PortCities London
UK Bristol Hartlepool Liverpool London Southampton
You are here:  PortCities London home > Historical events
Text Only About this Site Feedback
Explore this site
About maritime London
Early port
Tudor and Stuart port
18th-century port
19th-century port
20th-century port
People and places
Crime and punishment
Leisure, health and housing
Art and architecture
The working river
Docks and shipping
Trades, industries and institutions
Science and discovery
Historical events
Death and disaster
War and conflict
Fun and games
Matching games
Timeline games
Send an e-card
Horatio Nelson (1758–1805)

Send this story to a friend Send this story to a friend
Printer-friendly version Printer-friendly version
View this story in pictures View this story in pictures
A naval hero
Known for
Rear Admiral Sir Horatio Nelson (1758-1805)
View full size imageRear Admiral Sir Horatio Nelson (1758-1805) © NMM

He became the most popular British hero of his time. His victories were the brightest point in long years of war with France, and caught the public imagination.

The government helped create a Nelson legend, portraying him as a model of duty and devotion to the country, and ignoring his failures.

Nelson remains famous to this day, and his message to the fleet at Trafalgar - urging every man to do his duty - is still well known.

Port connection

Nelson's funeral procession on the Thames.
View full size imageNelson's funeral procession on the Thames. © NMM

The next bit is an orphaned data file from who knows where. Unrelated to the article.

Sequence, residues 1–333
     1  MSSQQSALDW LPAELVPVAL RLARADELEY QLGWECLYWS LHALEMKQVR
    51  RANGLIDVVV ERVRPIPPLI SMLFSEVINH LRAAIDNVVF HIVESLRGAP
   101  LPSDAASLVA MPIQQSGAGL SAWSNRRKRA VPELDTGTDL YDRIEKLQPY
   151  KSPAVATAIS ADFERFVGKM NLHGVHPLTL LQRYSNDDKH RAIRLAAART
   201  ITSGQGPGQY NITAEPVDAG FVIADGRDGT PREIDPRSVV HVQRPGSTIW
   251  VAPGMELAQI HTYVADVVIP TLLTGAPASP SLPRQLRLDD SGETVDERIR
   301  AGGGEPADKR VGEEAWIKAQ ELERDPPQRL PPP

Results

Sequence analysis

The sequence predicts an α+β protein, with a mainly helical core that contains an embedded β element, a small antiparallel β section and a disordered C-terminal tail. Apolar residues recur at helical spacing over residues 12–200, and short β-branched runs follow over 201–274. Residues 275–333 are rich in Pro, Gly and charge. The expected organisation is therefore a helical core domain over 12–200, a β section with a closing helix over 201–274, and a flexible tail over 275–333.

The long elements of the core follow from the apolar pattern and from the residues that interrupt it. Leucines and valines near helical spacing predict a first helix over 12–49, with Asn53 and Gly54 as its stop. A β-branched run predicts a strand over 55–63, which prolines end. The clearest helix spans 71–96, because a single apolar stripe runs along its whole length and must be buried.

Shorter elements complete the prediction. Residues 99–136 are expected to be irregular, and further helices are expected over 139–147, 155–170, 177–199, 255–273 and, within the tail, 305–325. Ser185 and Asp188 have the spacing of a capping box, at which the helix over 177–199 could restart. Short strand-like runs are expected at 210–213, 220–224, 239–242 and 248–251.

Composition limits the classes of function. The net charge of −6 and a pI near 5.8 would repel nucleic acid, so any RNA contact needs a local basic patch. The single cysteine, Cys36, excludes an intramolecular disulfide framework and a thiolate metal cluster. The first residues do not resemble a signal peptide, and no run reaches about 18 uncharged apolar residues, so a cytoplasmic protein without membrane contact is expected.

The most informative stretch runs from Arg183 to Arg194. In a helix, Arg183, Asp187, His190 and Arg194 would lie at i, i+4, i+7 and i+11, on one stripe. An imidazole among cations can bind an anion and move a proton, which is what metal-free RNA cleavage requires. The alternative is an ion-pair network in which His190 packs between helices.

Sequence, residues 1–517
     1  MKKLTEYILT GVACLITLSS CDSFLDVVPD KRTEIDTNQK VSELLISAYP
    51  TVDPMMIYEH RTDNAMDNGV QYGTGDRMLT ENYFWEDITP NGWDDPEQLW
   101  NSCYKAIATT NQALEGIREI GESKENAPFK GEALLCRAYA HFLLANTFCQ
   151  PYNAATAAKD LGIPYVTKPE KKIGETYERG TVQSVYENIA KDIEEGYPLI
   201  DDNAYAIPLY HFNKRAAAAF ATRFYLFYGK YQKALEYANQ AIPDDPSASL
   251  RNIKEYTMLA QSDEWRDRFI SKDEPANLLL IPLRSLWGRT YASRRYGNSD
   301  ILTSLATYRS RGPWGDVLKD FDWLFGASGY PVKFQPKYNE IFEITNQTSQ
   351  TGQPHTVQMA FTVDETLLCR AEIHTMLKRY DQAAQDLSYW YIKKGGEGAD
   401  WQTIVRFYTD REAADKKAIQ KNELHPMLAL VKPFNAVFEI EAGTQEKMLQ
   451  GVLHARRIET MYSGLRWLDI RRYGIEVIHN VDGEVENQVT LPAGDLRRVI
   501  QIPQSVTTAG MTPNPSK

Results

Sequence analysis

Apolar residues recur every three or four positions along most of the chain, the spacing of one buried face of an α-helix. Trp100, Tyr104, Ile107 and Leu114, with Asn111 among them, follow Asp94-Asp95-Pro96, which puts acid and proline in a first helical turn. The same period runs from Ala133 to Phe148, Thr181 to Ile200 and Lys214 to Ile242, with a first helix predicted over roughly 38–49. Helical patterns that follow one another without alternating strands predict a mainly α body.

Nelson's most important connection with the port came after his death. He was buried in the crypt of St Paul's Cathedral in London, after a colourful state funeral starting in Greenwich.

His coffin lay in state in the Painted Hall at Greenwich Hospital before a grand procession up the Thames. 

Huge crowds attended five days of ceremonies, showing the widespread affection in which the dead hero was held.

Interesting facts

Lady Hamilton (as a Bacchante)
View full size imageLady Hamilton (as a Bacchante) © NMM
Although Nelson regarded Emma and Horatia as ‘the two people I hold most dear in the world’, Horatia’s birth was kept a secret because Nelson and Emma were not married.

Nelson’s bloodstained stockings and breeches from the Battle of Trafalgar are on permanent display at the National Maritime Museum.

He is commemorated by Nelson’s Column, one of London’s most famous landmarks. It was planned in 1838 and finished 11 years later. It stands in Trafalgar Square, named after Nelson’s greatest triumph.

Life story
1758 Born in Norfolk, the son of a country parson.
1771 Joined the navy aged 12 as a captain’s servant.
1777 He passes an examination to become a lieutenant.
1779 Receives promotion to post captain.
1787 Marries Frances Nisbet.
1793 Takes command of HMS 'Agamemnon'.
1797 After the Battle of St Vincent, Nelson is created Knight of the Bath and promoted to Rear Admiral.
1798 Begins an affair with the married Lady Emma Hamilton. Becomes Baron Nelson of the Nile after defeating the French at Aboukir Bay.
1801 The Battle of Copenhagen. Lady Hamilton gives birth to his daughter, Horatia.
1803 Nelson is made Commander-in-Chief in the Mediterranean. He sets up house with Lady Hamilton at Merton Place.
1805 He is killed on board the 'Victory' during the crushing defeat of the French and Spansih fleets at Trafalgar.
1806 Receives a state funeral on the Thames.

Find out more
StoriesThe state funeral of Lord Nelson, 5-9 January 1806
Britain's greatest naval hero is buried in London
StoriesThe 18th-century port
London becomes a centre of finance, commerce and industry
National Maritime Museum/Royal Observatory Greenwich New Opportunities Fund  
Legal & Copyright Partner sites: Bristol Hartlepool Liverpool Southampton About this Site Feedback Text Only